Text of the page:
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    Veteran Writer Rejects Homage, Brings Lawsuit Instead

    Borrowed character names land online author in 5 million yuan copyright battle.

    One of China’s most beloved martial arts authors is taking one of its richest to court over the allegedly unsanctioned use of characters from his work, the Beijing Daily reported Tuesday. 

    Celebrated for his ancient tales of chivalry and heroism, Zha Liangyong — known almost exclusively by his pen name, Jin Yong — has taken issue with online novelist Yang Zhi’s use of some of Zha’s protagonists’ names in his 2001 online novel “Ci Jian de Shaonian,” or “There They Were,” in English. Zha has demanded that Yang — known to most by his pen name, Jiangnan — and his three associated publishers pay 5 million yuan (around $740,000) in compensation and cease all production and distribution of the offending work.

    Details released earlier this month by the Guangzhou Tianhe District People’s Court in southern China’s Guangdong province show that 92-year-old Zha has also ordered Yang, 39, to post public apologies in the China Youth Daily newspaper and online news portal Sina News, and to compensate him with an additional 200,000 yuan to cover “the reasonable costs incurred during the protection of [his] rights.” The hearing is scheduled for Feb. 16, 2017. 

    The clash is being widely reported as a case of the “same-name novel,” or tongming xiaoshuo, a popular genre of online literature akin to fan fiction, in which writers reimagine or develop storylines based on characters and plots from existing works. 

    But in Zha v. Yang, aside from the names, the characters in question bear no resemblance to their original incarnations, nor do the era or location in which the story is set. “There They Were” tells the story of a group of university students coming to grips with adulthood, a far cry from the violent crusades of Zha’s protagonists. 

    In a statement posted to his Weibo microblog on Sunday, Yang said that as one of Zha’s most loyal readers, he had chosen the names “mainly for the fun of it.” He also said, “All I wanted to do was tell the campus stories of me and those around me. I had no intention to violate any rights.”  

    Zha has a history of pursuing legal avenues in response to perceived violations of his intellectual property rights. There is no indication of why he has decided to take legal action against Yang only now, when the digital version of “There They Were” was first published online 16 years ago. According to figures on China’s foremost book review site Douban, the five non-digital editions of the book published since 2001 have sold a combined 1.1 million copies.  

    In a speech he gave at a literature contest organized by Sina in 2005 — when Yang’s work continued to enjoy a large online readership — Zha stated that it was “unacceptable for web users to develop their own novels using his characters,” asserting that film companies in Hong Kong would pay him 10,000 yuan for every character used in a movie production. In the same speech, Zha said, “If you’re a child, I’ll leave you alone. If I were to really deal with you, you’d be found guilty.”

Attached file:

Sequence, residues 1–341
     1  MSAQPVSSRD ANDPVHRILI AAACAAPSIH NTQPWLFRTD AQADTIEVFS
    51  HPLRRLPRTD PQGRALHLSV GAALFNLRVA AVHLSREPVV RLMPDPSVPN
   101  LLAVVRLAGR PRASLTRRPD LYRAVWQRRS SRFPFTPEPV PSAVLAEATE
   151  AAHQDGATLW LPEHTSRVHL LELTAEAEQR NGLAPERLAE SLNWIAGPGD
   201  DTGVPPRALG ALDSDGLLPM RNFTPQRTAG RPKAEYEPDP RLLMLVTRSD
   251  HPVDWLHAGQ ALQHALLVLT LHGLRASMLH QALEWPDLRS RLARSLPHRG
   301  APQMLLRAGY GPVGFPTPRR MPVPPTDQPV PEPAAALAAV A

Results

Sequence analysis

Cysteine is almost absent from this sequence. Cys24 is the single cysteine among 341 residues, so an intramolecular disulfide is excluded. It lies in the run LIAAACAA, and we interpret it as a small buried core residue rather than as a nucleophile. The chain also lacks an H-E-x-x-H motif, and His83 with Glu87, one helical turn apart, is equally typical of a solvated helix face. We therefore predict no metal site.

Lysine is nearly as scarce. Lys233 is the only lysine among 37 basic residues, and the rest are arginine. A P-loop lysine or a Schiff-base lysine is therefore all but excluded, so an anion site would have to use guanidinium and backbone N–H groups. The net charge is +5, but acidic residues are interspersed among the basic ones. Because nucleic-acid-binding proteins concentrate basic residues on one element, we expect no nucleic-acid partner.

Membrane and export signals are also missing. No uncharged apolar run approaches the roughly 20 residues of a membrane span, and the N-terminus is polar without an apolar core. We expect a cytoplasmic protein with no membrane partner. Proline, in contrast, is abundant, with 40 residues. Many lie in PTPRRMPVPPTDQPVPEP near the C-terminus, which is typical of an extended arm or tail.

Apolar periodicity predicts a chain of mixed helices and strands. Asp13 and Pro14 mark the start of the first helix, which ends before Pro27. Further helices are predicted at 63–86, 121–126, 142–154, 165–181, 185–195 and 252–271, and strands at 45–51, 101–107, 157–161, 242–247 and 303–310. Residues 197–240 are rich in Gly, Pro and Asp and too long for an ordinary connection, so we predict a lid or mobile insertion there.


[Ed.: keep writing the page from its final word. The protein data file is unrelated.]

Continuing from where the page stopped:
The legal challenge has drawn attention to the gray area surrounding “same-name novels.” In China, there are a whole host of media industries, from computer games and pop songs to movies and comics, that rely on the recycling of previous cultural works. Collectively, such works are grouped under the “IP” genre, a nod to the phenomenon’s intimate relationship with intellectual property.

    IP has become a veritable industry in itself, where the rights to use characters or other elements integral to a work can be bought and sold. For some, however, the line is less clear when it comes to works like “There They Were.” If the characters bear little resemblance to their original incarnation, then one should refrain from taking aggressive legal action, believes Zhou Yun, editor-in-chief of Alibaba-backed publishing platform Ali Wenxue. “But if you pander to audiences and flip the relationships around, like making the good guys bad and the bad guys good,” he told the Beijing Daily, “then that constitutes a violation of rights.”

    For others, it is simply a matter of money. Once you make revenue on the back of someone else’s idea, online novelist Qin Lu told the Beijing Daily, you are violating someone’s rights. Yang has acknowledged the revenue that “There They Were” has brought him, and while he has stopped short of stating that he will accede to Zha’s demands, he has said he takes full responsibility for the hardships that the episode has created for the 92-year-old.

    “I have very complex emotions about the fact that my first encounter with an author I love will be in a legal capacity,” he wrote in his Weibo statement. “No matter what the outcome of these legal proceedings is, I am truly, truly sorry for the rashness and intrusiveness of my 22-year-old self.”

    With contributions from Yin Yijun. 

    (Header image: Jin Yong at a lecture in Hangzhou, Zhejiang province, July 25, 2003. Wu Xinyan/VCG)